The Canterbury Tales

Geoffrey Chaucer
The Guildford Shakespeare Company
St Mary’s Church, Guildford

Bea Holland and Lauren Silver in Wife of Bath's tale Credit: Mike Eddowes
Bea Holland and Matt Pinches (with Lauren Silver in the middle) Credit: Mike Eddowes
The Pardoner's Tale Credit: Mike Eddowes

I had wondered what this young, energetic and inventive company would make of the Canterbury Tales and, as usual, it not only comes up with the goods but exceeds all expectations with a vibrant, lively and up-to-date version, a joint effort written by the company.

There were twenty-nine pilgrims in Chaucer’s tales, but they are represented here by only five actors. They have chosen seven of the stories of ‘infinite variety’, from the Shakespearean "Knight’s Tale" of rivalry and combat to the hilariously presented "Nun’s Priest’s Tale" where puppets are used (very effectively) as the farmyard animals, and the cock Chanticleer has the hens as his ‘backing group’.

Music is used throughout the show, played on a variety of instruments and used in many different ways. In "The Miller’s Tale" they don’t shy away from displaying bare bottoms, but a musical note bleeps out most of the rude words, and very funny it is too. Exceedingly beautiful music is played on a flute (composer Mary McAdam) in the heart-rending "Prioress’s Tale" where every woman in the audience must have felt the pain of the widow losing her beloved son.

It was a stroke of genius to play "The Wife of Bath’s Tale" as a teacher instructing students in their roles, and even more hilarious when teacher Bea Holland, thoroughly enjoying herself, takes over the lead role. In fact, it seems that the whole cast are also thoroughly enjoying every part; the audience senses this and the feeling is shared.

The other members of the cast are Philip Benjamin, Matt Pinches, the silver-voiced Lauren Silver and Ben Tolley, each one playing multiple parts and changing characters with every switch of designer Dora Schweitzer’s costumes.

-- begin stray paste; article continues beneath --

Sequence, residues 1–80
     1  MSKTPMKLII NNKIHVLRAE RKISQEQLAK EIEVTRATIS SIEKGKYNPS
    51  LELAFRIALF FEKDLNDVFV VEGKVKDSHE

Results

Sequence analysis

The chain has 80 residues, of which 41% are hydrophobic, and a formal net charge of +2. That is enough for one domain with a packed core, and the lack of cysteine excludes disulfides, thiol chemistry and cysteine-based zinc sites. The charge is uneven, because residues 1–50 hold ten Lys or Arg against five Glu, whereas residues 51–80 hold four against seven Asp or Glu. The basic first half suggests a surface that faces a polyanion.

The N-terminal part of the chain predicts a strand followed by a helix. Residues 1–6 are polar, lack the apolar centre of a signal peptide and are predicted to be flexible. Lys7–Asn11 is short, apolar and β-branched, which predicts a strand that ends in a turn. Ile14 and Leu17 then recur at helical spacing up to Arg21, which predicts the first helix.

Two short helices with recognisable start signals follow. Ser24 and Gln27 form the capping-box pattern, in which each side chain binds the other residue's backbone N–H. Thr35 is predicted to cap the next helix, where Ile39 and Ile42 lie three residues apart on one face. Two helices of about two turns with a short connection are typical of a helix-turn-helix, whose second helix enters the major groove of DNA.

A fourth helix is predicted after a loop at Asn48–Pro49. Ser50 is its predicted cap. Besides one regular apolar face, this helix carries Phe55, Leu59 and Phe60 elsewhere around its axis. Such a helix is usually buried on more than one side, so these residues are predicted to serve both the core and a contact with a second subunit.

If you are not totally familiar with Chaucer’s Tales, I’d advise reading the synopsis in the programme before the show starts, but it’s not really essential as this version opens up a whole new level of understanding, something one member of the cast admitted was beyond her at school.

Abigail Anderson directs a fast-paced joyous production—and how she keeps control of it I cannot imagine, but it works like a dream.

St Mary’s Church, the oldest building in Guildford, lends itself perfectly to a theatrical production with differing levels making it possible to create good sight lines. Action takes place all around the audience, even taking in the pulpit. The production is in-the-round with a very small stage, making the very realistic fight between the knights a little too close for comfort, but also having the effect of making the audience feel part of the show.

In the original, the pilgrims had to choose which they thought was the best tale and the winner would receive a prize. This task was given to the audience with a show of hands to vote, and the audience is also involved frequently throughout, making it a truely shared experience.

When Sarah Gobran and Matt Pinches founded the company in 2006, their aim was to make Shakespeare enjoyable and accessible to all. They certainly succeeded in this with many who hated the Bard at school being completely converted. I believe they have now very successfully done the same for Chaucer.

In the chatter after the show the word I heard most frequently on everyone’s lips was “brilliant”, and I can’t argue with that.

Reviewer: Sheila Connor

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